To have even one interception considered to be one of the top-five in NFL history is a heck of an accomplishment. But the Pittsburgh Steelers didn’t stop at one. They have two. That’s how the Will Selva and the Good Morning Football Crew ranked things in their breakdown of the top five picks in NFL history Wednesday morning.
Coming in at #3 was Troy Polamalu’s diving, one-handed pick against Philip Rivers and the San Diego Chargers in 2008. You know the one. Polamalu with a play only he could make, somehow locating, diving, reaching out, and tucking his hand under the ball to come down with the pick.
“This one-handed. That, my friends, a ten for difficulty,” Selva said of the play.
What’s forgotten about this play is that it might’ve been a pick-six, a cherry on top of an all-time athletic play, had Polamalu not run into Larry Foote and fell. Polamalu still finished with a 21-yard return and with a convoy out in front coupled with a confused Chargers’ team in disbelief Polamalu picked it off, he might have returned it all the way. Regardless, this was a quintessential Polamalu play and he somehow had an equally impressive one against the Philadelphia Eagles that occurred earlier in the same season.
Of course, the other Steelers’ interception rightfully claimed the top spot. James Harrison’s 100-yard pick six in the Super Bowl to help beat the Arizona Cardinals, one of the greatest plays in football history. Harrison abandoning his assignment on a hunch to drop into coverage, undercut the route, pick off Kurt Warner’s pass, and somehow have the stamina and blocks to just barely get over the goal line and into the end zone.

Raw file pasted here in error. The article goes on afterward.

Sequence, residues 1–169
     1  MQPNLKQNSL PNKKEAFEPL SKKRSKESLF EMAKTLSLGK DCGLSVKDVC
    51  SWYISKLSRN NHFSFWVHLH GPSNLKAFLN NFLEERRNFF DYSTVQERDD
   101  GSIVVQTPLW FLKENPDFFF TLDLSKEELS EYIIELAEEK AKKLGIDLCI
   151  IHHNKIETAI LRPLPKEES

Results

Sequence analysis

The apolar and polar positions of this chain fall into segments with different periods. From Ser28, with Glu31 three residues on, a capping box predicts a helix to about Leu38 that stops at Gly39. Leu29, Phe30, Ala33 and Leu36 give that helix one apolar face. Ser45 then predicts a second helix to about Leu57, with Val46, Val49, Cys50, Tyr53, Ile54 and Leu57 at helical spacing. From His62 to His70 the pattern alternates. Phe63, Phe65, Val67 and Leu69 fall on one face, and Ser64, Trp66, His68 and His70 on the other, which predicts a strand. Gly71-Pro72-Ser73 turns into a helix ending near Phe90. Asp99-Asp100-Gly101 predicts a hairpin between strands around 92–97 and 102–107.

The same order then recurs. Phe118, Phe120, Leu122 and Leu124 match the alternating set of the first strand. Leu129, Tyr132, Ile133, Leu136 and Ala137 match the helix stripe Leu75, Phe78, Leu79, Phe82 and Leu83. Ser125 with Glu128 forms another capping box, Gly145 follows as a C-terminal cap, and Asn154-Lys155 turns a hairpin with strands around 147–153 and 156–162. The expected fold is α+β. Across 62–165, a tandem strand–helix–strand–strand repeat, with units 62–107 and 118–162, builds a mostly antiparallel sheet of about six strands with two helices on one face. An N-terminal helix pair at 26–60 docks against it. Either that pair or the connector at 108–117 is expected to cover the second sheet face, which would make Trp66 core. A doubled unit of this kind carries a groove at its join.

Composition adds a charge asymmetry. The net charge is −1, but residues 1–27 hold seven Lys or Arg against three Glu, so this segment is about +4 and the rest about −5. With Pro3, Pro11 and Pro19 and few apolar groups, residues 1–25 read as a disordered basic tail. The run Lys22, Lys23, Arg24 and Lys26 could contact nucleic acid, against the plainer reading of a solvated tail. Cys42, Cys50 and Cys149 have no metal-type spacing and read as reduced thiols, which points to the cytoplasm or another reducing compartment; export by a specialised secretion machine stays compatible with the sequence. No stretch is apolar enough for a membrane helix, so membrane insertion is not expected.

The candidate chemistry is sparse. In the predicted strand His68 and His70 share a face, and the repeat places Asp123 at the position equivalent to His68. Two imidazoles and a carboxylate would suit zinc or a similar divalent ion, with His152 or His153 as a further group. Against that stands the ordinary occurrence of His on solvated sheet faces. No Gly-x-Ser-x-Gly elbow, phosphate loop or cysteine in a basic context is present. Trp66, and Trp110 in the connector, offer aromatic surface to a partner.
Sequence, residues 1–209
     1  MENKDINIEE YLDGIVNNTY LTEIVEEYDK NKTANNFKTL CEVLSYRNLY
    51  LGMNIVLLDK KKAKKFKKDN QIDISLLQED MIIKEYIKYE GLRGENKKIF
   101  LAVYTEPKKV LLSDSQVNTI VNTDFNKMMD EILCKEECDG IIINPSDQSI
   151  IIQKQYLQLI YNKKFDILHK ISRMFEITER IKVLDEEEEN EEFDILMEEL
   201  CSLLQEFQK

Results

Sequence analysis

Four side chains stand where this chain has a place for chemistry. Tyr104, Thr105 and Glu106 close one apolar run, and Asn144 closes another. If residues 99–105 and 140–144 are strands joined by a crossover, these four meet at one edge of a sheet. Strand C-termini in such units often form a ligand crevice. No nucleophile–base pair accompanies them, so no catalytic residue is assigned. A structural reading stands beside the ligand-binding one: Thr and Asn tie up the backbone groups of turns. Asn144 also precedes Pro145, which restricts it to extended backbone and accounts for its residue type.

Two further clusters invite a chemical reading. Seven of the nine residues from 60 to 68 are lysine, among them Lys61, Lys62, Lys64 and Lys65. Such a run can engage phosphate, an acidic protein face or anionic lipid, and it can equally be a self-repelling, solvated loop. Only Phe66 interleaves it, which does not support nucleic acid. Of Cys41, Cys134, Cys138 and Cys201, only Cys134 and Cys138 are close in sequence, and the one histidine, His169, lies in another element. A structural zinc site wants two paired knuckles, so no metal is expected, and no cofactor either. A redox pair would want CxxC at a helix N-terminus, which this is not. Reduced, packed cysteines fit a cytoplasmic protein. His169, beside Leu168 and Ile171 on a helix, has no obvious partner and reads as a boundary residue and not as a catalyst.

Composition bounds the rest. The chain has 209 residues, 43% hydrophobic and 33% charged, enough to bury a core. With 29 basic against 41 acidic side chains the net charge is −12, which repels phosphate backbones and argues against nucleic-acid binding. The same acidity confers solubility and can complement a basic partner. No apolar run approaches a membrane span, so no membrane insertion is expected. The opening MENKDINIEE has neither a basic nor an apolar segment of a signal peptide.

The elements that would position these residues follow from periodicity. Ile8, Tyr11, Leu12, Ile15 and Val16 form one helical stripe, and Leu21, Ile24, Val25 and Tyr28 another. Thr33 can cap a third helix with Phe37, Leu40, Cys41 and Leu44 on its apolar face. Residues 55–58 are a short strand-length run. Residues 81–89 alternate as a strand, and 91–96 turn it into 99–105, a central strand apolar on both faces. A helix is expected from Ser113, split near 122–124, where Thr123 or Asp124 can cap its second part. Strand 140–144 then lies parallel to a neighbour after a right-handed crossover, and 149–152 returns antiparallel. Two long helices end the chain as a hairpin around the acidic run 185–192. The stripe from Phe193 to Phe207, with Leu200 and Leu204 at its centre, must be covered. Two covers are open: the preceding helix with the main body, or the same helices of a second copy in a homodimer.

“This was such an unbelievable play knowing the clock was at zero, the stakes were so high…if he gets tackled at the one, the Steelers have nothing to show for it.”
Polamalu made an always-overlooked key block on that return too, pushing Larry Fitzgerald off his path and into a crowded Cardinals’ sideline. Fitzgerald wouldn’t catch Harrison until the one-yard line. If Polamalu doesn’t make this block, Fitzgerald probably gets there a lot sooner and prevents a touchdown.
Selva’s list didn’t speak for the entire group with Peter Schrager not including either of those plays on his top five. But Selva’s list gets it right here with those two plays being added. The other three he included were Eric Allen’s 1993 pick-six at #5, Antonio Cromartie’s one-handed interception in 2007 at #4, and Malcolm Butler’s Super Bowl-saving pick at #2.